NERC-CIP compliance is an integral part of the conversation in the Utility industry. Management practices are being continually refined and deployed against it, technology is being implemented because of it, and gaps identified by NERC-CIP audit experiences are driving compliance efforts. Many Utility companies have successfully reached the stage where they can confidently state that they are NERC-CIP compliant. But what does that mean?
First let’s review the difference between audit and intent. An audit is a review process intended to determine if appropriate policies, procedures, and controls are in place as defined by the NERC-CIP compliance regulations. Each Utility company approaches these elements of compliance in their own way because the regulations are a guide, not a prescription.
Intent is a different story all together. We can pass our audits, we can rightfully claim we are NERC-CIP compliant, but that does not mean we are meeting the intent of the NERC-CIP regulations. The intent is that we are supposed to protect our vital electrical power infrastructure so that we all have the electricity we always need and that we have the mechanisms in place to stop potentially disruptive events from occurring. Intent covers both service loss and exposure to service loss. For example, losing generation capability due to generation systems being compromised is a service loss, and a clear NERC-CIP violation. Allowing a security risk to occur that makes the generation system vulnerable to exploitation is also a clear NERC-CIP violation. Both compromise the intent of NERC-CIP. Both cases, should either occur, would take a company that can rightfully claim to be NERC-CIP compliant into being out-of-compliance.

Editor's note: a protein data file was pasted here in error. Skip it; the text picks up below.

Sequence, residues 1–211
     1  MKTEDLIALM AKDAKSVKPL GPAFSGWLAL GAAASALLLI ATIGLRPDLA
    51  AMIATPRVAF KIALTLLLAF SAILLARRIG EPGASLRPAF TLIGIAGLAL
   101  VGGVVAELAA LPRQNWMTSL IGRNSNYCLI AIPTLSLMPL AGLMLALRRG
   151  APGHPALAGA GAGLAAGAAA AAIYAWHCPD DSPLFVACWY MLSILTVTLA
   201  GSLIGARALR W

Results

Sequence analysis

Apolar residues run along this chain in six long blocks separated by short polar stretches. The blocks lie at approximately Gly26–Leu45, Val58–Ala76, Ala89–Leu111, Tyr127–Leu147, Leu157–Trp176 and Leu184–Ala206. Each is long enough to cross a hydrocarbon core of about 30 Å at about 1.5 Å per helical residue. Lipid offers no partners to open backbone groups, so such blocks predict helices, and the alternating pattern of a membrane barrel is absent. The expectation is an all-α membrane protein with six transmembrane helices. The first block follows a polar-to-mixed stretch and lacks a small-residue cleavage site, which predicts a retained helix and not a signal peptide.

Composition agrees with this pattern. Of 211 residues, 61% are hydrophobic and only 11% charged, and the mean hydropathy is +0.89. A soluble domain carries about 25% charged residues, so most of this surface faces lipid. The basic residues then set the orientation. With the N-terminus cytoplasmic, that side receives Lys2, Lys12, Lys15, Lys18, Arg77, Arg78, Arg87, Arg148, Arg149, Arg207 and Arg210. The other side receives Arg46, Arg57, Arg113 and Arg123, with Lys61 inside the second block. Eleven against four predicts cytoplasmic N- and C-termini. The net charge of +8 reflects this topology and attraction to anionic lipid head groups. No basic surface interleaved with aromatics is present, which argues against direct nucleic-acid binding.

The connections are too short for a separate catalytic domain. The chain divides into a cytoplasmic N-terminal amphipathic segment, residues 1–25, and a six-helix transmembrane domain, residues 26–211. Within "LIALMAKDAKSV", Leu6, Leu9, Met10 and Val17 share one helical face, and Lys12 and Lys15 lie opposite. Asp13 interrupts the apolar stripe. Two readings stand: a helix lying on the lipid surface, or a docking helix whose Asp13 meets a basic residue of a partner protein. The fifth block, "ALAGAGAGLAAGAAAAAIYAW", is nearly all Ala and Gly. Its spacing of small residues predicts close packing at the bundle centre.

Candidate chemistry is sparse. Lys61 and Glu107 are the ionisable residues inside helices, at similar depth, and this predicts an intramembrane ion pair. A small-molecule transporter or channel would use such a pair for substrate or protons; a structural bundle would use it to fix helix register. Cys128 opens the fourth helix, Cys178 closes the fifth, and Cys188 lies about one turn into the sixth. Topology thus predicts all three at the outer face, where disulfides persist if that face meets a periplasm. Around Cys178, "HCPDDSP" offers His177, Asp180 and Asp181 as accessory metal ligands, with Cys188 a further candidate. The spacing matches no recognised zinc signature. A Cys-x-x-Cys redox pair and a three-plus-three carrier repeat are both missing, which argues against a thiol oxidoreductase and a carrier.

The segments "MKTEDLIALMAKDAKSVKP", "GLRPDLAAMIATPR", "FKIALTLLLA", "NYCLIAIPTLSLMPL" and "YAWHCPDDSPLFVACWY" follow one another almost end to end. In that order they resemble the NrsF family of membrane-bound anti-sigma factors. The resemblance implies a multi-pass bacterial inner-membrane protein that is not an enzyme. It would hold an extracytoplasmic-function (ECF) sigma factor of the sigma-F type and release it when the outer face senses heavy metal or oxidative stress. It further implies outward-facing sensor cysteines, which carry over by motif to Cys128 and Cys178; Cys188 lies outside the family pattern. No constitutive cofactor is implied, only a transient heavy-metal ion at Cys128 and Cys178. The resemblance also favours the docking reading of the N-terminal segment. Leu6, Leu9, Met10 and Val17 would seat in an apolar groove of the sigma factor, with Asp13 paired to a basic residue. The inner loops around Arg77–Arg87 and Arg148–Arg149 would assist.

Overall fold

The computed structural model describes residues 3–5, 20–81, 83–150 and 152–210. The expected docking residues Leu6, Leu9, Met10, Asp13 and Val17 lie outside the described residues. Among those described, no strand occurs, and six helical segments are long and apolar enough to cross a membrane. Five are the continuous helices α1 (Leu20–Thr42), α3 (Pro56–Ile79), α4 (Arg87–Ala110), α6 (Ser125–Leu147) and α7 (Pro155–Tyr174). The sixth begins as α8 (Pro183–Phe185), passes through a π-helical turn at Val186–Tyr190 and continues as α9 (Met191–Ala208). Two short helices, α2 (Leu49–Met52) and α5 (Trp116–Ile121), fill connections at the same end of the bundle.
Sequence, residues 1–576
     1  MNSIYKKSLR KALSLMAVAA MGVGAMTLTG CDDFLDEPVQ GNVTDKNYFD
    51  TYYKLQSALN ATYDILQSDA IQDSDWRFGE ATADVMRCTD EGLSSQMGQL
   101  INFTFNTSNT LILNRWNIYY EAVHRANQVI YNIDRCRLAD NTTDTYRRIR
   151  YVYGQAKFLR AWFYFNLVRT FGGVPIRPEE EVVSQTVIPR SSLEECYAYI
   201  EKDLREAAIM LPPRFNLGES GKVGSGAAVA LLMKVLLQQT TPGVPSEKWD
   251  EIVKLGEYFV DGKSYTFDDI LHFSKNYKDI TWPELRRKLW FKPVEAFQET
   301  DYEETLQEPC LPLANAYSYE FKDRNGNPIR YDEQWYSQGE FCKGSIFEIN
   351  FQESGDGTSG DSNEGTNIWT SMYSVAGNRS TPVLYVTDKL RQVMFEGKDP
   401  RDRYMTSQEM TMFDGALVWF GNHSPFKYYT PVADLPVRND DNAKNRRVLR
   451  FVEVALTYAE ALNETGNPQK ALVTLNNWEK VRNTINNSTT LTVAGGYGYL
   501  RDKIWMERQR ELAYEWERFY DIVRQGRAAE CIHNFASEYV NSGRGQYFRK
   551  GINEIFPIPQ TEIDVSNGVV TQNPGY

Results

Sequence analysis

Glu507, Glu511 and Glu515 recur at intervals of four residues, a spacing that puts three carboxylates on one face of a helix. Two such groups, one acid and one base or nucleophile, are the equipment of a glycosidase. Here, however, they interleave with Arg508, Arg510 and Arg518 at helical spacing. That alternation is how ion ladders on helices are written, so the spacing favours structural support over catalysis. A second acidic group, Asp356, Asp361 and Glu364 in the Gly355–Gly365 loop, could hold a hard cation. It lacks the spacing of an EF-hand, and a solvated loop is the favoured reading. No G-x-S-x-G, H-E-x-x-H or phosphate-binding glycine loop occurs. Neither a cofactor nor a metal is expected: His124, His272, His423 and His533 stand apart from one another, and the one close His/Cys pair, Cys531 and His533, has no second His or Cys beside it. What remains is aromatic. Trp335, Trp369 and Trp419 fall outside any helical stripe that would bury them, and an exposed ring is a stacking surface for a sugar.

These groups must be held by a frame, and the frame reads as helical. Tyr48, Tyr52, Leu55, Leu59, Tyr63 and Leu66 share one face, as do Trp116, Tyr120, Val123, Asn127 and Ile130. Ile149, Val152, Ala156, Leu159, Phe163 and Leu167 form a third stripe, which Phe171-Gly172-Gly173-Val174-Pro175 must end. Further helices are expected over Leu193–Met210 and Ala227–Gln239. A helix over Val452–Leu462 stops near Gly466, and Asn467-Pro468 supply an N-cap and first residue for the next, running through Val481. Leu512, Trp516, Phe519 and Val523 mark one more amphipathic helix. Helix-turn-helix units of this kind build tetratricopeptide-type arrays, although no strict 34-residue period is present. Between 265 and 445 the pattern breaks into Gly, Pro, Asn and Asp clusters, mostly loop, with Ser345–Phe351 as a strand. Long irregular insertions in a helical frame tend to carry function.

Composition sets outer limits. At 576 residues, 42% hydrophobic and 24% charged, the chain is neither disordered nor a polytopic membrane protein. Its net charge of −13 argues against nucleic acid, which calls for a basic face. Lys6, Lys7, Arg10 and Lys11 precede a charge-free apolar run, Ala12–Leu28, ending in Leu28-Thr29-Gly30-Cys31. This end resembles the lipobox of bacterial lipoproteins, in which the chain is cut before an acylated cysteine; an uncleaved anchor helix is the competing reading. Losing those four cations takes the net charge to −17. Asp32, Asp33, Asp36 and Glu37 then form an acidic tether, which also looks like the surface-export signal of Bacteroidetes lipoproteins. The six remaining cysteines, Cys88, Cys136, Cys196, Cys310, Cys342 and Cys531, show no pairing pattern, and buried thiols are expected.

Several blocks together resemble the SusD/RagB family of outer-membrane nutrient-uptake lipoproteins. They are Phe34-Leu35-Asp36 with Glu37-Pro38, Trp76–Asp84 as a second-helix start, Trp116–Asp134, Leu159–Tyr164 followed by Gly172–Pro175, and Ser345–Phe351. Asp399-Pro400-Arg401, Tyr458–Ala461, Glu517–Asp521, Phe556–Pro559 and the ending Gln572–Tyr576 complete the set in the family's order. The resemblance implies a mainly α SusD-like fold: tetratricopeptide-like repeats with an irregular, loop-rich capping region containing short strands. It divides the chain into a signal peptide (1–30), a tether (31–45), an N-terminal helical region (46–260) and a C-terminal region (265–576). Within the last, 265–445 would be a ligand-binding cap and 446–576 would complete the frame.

For example, let’s say we have strong physical security in place at a given location where a Cyber Asset exists. There could be a building that has a locked door or a fence with a locked gate. There could also be a cabinet or interlock device that has another lock on it, to ensure only those authorized to access that Cyber Asset can do so. These examples would meet NERC-CIP requirements from an audit perspective and the claim of being NERC-CIP compliant in many cases.
But what if the authorized person who accesses the Cyber Asset fails to follow the procedure for changing, configuring, updating, patching, modifying, etc. the Cyber Asset? What is done could directly lead to a service loss but more likely it would create a threat or vulnerability that we simply do not know about (until something bad happens). Transparency and oversight depend on knowing what each person who touches a Cyber Asset does to it. A procedure for getting approval for, and documenting, all changes will satisfy auditors but any exceptions or deviations from the procedure are a violation of the NERC-CIP and compromise its intent.
The challenge for many Utility companies is now focused on ways to gain oversight and control over NERC-CIP policies. We all know that procedures that people must follow will result in exceptions and errors sooner or later.
So while many Utility companies have solved the challenge of being NERC-CIP compliant, the NERC-CIP challenge has only begun to be addressed. The focus is shifting now to looking for ways to move policies into systems for oversight, simplification, elimination of human error, and proactive response to potential threats.
See Resources for more information on how ConsoleWorks tackles NERC-CIP Challenges.